“A horse is a horse” – but is any elephant just another elephant?

A cladogram showing the relationships between the African elephants (genus Loxodonta), Asian elephants (genus Elephas) and pleistocene woolly mammoths (genus Mammuthus) based on the hyoid bone, which is located in the neck. Figure from Shoshani & Tassy 2004.

Few people realize that Asian and African elephants are about as different from one another as we are from chimpanzees.  That’s not an exaggeration – the estimated time that they diverged from a common ancestor is about six million years ago [1], whereas humans and chimpanzees are estimated to have diverged between five to six million years ago [2].  Some have even suggested that Asian elephants may be more closely related to woolly mammoths (Mammuthus primigenius).

It’s ok if this surprises you – the elephants may appear to resemble one another more closely in appearance and sound than humans and chimpanzees.

But what about their behavior?   Continue reading

10 Days Left To Help Elephants & Us!

Haven’t gotten around visiting our RocketHub fundraiser page yet?  There’s still time!  But hurry – we’ve only got till December 15th!

Many thanks to Marion Bricaud all the way from France for donating this lovely artwork (check out more of her art at http://polymorphicgirl.deviantart.com/)!

That’s what you’ll get if you donate at the $150 level (without the watermark, of course).  I’ve also added another reward at $250 – an original ink elephant drawing by yours truly!  There are lots of rewards at levels above and below this, so check them out & help us help elephants:

http://www.rockethub.com/projects/3707-helping-elephants-and-people-coexist

We’re part of the #SciFund challenge!

There are at least two kinds of science today – a) the kind that requires millions of dollars, a small army of techs and postdocs, and many fancy doo-dats or whatsits and b)everything else. The latter doesn’t do too well in today’s funding climate, which is geared toward funding BIG EXPENSIVE science. A small group of scientists – mostly students – are trying to change all that by appealing directly to the public to fund small, very cool, science projects and earn a nifty little reward of thanks. The projects are diverse – everything from zombie fish to next-generation algae technology.  The result: The #SciFund Challenge! Help us help elephants – and help science along the way!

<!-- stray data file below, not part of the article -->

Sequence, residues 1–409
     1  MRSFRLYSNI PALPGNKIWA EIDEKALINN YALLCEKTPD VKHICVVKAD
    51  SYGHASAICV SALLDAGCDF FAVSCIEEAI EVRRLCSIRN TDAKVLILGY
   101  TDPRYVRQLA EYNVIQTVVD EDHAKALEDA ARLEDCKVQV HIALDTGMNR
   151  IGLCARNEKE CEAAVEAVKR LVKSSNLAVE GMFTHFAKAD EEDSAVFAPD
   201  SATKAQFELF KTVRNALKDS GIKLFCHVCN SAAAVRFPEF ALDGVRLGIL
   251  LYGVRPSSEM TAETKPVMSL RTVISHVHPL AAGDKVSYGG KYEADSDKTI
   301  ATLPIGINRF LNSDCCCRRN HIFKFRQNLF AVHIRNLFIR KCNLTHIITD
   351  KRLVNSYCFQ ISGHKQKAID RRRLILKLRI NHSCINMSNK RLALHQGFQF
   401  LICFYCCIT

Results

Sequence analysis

WANT TO HELP?

http://www.rockethub.com/projects/3707-help-us-help-elephants-people-in-sri-lanka

Please share the link above to help us reach our goal!

Check out all the other projects here:

http://www.rockethub.com/projects/scifund

The Mystery Orphan Part 4 – The Mother Appears

By Ashoka Ranjeewa

— January 31st, 2011 —

From left to right: the teenaged ‘babysitter’ from the previous week, the newborn (no longer a mystery) and Raka.

Three days later we entered the park determined to find Fat-tail. I was overcome with curiosity to know what had happened, and the team went in prepared to stay the whole day and comb through every inch of the park if necessary.

Fortunately, we managed to find the group toward mid-day. This time, it contained several more of its members – Fat-tail, Right-hole, Rani, Ramani, Rita, and five other adults. I searched for the newborn anxiously.

Continue reading